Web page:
Protein expression also causes changes in gene splicing
A study led by researchers at the UC San Diego Stem Cell Research program and funded by the California Institute for Regenerative Medicine (CIRM) looks at an important RNA binding protein called LIN28, which is implicated in pluripotency and reprogramming as well as in cancer and other diseases. According to the researchers, their study – published in the September 6 online issue of Molecular Cell – will change how scientists view this protein and its impact on human disease.
Gene Yeo, PhD
Studying embryonic stem cells and somatic cells stably expressing LIN28, the researchers defined discrete binding sites of LIN28 in 25 percent of human transcripts. In addition, splicing-sensitive microarrays demonstrated that LIN28 expression causes widespread downstream alternative splicing changes –variations in gene products that can result in cancer or other diseases.
“Surprisingly, we discovered that LIN28 not only binds to the non-coding microRNAs, but can also bind directly to thousands of messenger RNAs,” said first author Melissa Wilbert, a doctoral student in the UC San Diego Biomedical Sciences graduate program.
Messenger RNA or mRNA, are RNA molecules that encode a chemical "blueprint" for the synthesis of a protein. MicroRNAs (miRNAs) are short snippets of RNA that are crucial regulators of cell growth, differentiation, and death. While they don’t encode for proteins, miRNAs are important for regulating protein production in the cell by repressing or “turning off” genes.
“The LIN28 protein is linked to growth and development and is important very early in human development,” said principal investigator Gene Yeo, PhD, MBA, of the Department of Cellular and Molecular Medicine, the Stem Cell Research Program and the Institute for Genomic Medicine at UC San Diego. “It is usually turned off in adult tissue, but can be reactivated, for instance, in certain cancers or metabolic disorders, such as obesity.”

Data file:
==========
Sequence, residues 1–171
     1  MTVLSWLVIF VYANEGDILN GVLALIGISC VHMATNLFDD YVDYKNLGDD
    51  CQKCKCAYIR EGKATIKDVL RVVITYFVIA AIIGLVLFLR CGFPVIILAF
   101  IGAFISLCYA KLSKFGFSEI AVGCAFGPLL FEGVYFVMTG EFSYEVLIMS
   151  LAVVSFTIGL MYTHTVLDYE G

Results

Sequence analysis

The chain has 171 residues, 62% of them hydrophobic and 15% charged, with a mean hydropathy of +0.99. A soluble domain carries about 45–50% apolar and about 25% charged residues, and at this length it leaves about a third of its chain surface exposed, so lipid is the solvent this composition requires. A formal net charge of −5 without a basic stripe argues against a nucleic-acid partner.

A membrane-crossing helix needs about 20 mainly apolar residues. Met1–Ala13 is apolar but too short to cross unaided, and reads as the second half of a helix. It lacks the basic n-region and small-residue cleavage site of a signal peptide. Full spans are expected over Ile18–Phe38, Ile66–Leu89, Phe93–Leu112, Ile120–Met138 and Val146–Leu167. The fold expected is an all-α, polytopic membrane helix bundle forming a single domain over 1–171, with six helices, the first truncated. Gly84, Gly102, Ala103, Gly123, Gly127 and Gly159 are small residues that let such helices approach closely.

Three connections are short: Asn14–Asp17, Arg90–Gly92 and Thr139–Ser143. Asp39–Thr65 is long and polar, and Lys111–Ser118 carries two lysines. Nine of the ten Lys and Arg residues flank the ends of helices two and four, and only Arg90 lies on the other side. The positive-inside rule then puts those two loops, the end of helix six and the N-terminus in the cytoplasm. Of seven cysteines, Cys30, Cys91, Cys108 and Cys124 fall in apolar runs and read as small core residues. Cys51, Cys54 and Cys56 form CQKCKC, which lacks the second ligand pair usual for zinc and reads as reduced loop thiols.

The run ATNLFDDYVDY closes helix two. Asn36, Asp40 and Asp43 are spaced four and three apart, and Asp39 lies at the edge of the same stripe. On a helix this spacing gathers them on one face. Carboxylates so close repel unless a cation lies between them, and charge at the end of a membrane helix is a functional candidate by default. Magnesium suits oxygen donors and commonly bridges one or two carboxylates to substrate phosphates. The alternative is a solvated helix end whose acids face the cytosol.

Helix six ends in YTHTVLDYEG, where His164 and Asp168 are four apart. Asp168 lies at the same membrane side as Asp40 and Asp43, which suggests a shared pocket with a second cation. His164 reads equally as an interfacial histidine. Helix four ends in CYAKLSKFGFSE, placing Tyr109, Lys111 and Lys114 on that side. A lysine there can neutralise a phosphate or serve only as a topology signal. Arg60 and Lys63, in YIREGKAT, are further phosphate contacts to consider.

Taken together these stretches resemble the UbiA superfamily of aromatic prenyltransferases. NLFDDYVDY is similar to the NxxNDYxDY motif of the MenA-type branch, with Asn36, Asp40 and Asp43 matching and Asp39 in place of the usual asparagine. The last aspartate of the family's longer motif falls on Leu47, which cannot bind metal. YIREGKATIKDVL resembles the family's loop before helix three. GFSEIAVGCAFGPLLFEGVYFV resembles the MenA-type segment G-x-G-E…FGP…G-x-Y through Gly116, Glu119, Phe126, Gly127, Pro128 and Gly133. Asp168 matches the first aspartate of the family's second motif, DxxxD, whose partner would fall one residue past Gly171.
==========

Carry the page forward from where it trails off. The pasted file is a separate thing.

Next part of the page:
Using genome-wide biochemical methods to look at the set of all RNA molecules across the transcriptome, the researchers found that LIN28 recognizes and binds to a known hairpin-like structure found on the let-7 family of miRNA, but surprisingly, this same structure is also found on mRNAs, allowing LIN28 to directly regulate thousands of targets.
“One of these targets actually encodes for the LIN28 protein itself. In other words, LIN28 helps to make more of itself,” said Yeo. This process, known as autoregulation, helps to maintain a so-called “steady-state” system in which a protein positively regulates its own production by binding to a regulatory element of the mRNA for the gene coding it.
“Since these mRNA targets include those known to be involved in gene splicing, we also implicate LIN28 in the regulation of alternative splicing,” said Wilbert, adding that abnormal variations in splicing are often implicated in cancer and other disorders.
In the splicing process, fragments that do not typically code for protein, called introns, are removed from gene transcripts, and the remaining sequences, called exons, are reconnected. The splicing factor proteins themselves, as well as the location where these proteins bind, dictate which pieces of the RNA are included or excluded in the final gene transcript – in much the same way that removing and inserting scenes, or splicing, can alter the plot of a movie.
The discovery of thousands of precise binding sites for LIN28 within human genes offers a novel look at the role this protein plays in development and disease processes. For example, scientists had looked at targeting a particular miRNA called let-7 to halt cancer growth. “But we now see that LIN28 can, in essence, bypass let-7 and find many, many other binding sites – perhaps with the same adverse effect of uncontrolled cell overgrowth,” said Yeo. “This suggests that LIN28 itself should be the therapeutic target for diseases, rather than let-7 or other miRNAs.”
Additional contributors to the study include, Stephanie C. Huelga, Katannya Kapeli, Thomas J. Stark, Tiffany Y. Liang, Stella X. Chen, Bernice Y. Yan, Jason L. Nathanson, Kasey R. Hutt, Michael T. Lovci, and Anthony Q. Vu, UC San Diego; Hilal Kazan and Quaid Morris, University of Toronto; Katlin B. Massirer, UC San Diego and State University of Campinas, Brazil; and Shawn Hoon, A*Star and National University of Singapore.
This study was supported in part by the National Institutes of Health (HG004659, GM084317 and NS075449), the National Institute of General Medical Sciences (T32 GM008666), and the California Institute for Regenerative Medicine (RB1-01413).
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